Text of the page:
“Owners should inspect the hydraulic lines running along the boom and arm to the attachment. If there is any damage to the hydraulic lines or the attachment, it’s best to get it fixed,” he says. “From a safety standpoint, mini excavator operators should follow the recommended lifting guidelines provided by the manufacturer. It can be unsafe to try lifting objects that are too heavy for the machine’s capabilities. Some manufacturers provide lift chart decals inside the machine for quick reference.”
Werk-Brau product manager Alex Andrews says regular maintenance is key in keeping the thumb in tip-top shape. This includes ensuring all grease points are greased, verifying hydraulic pressures are set within the required range and avoiding any prying with the thumb itself. “By keeping up with regular maintenance, you can expect the thumb to last several years down the road,” he says.
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Need a little more control during pick-and-place operations? Do you plan on performing continuous lifting and placing tasks? Consider a grapple. These attachments offer a bigger and tighter grasp on materials, and some even offer the ability to rotate. The most popular style of grapple for mini excavators is a fixed grapple and boasts two jaws — one with three tines and one with two tines. They typically range in size from 24 to 36 in.
“Rotating attachments like grapples have become more popular for use with mini excavators,” says Patel. “Accessories such as tiltrotators further expand a grapple attachment’s versatility and can improve the mini excavator operator’s productivity. It is important to understand each mini excavator’s capabilities and follow the grapple manufacturer’s recommended guidelines.”
Takeuchi’s Padgett notes that when purchasing a grapple attachment, the considerations are very similar to those when purchasing a thumb. He says to make sure you have a hydraulic circuit capable of operating the grapple and to check that the grapple’s weight fits within the machine’s capacity. You should also consider the application and material type that you need to pick up and place.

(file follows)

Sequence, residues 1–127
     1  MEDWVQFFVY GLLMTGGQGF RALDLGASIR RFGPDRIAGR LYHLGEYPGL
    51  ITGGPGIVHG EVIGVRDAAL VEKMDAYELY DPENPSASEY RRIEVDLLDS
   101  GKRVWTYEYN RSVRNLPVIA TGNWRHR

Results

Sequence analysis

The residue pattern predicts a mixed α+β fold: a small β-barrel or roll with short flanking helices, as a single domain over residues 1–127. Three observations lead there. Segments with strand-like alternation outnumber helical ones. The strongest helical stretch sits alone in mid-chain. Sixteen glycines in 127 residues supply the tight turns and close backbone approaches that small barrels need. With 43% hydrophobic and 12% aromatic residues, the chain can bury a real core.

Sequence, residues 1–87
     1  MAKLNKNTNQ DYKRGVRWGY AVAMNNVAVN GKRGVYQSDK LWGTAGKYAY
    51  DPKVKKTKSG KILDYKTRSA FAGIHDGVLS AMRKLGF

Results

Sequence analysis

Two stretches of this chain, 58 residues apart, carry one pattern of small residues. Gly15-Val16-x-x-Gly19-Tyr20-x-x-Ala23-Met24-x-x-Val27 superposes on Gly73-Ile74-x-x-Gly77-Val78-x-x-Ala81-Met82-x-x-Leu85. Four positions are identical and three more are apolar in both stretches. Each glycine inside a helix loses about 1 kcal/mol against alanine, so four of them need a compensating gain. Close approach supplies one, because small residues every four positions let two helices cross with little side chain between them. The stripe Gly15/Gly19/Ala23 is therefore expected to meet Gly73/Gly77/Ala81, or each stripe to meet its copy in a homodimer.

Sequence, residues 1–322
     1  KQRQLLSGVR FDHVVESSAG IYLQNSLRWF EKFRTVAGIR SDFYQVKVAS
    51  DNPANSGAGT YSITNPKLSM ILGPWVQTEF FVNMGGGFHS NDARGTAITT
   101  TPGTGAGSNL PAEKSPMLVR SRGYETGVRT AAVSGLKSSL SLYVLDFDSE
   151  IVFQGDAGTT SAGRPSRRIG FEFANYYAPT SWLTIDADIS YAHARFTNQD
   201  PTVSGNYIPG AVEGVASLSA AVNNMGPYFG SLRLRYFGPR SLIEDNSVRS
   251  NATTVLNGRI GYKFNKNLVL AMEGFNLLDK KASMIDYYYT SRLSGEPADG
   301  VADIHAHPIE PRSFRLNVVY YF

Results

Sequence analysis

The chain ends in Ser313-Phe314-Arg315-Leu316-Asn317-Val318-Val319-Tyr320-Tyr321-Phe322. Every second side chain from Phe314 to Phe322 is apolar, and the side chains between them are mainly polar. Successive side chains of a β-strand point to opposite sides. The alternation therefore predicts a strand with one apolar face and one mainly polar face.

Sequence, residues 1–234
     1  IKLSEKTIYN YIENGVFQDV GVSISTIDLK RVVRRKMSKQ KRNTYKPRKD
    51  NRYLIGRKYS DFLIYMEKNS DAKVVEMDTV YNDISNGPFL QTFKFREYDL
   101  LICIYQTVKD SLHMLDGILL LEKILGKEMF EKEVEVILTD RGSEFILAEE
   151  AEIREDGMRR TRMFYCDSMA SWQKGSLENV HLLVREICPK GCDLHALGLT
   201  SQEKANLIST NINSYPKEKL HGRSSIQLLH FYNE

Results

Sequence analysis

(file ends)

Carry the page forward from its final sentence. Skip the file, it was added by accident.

Patel adds, “Operators need to check whether the grapple can safely lift heavy objects. This may depend on the mini excavator size and what it’s rated to lift. Operators can find the lift charts in the operation and maintenance manual or by visiting with a local dealer.”
Similar to a thumb, Patel says operators should inspect the attachment daily to ensure it’s free of any damage.
Pam Kleineke is managing editor of Compact Equipment.
The Perfect Pair
Need a better grasp on the job? Consider pairing Werk-Brau’s Grading Rake with a Main Pin Hydraulic Thumb. According to Werk-Brau product manager Alex Andrews, it’s a great combination of two attachments that allows the operator to have a grapple function. He says this pair is perfect for land clearing, gathering debris and sorting materials.
“Our Grading Rakes come in various sizes to meet application needs,” says Andrews. “Once determining the size of Grading Rake that’s needed, you then will need to determine the style of Hydraulic Thumb you will need.”
Andrews adds that Werk-Brau can manufacture custom designed thumbs so customers can get the perfect thumb for their needs. He also reminds buyers to remember four important factors when deciding on a thumb:
- Does the machine come pre-equipped with a factory cylinder mount
installed on the stick?
- Is the machine equipped with a coupler system?
- What is going to be your primary bucket/rake that you would
like the thumb to mesh with?
- How many tines would you like your thumb to be equipped with?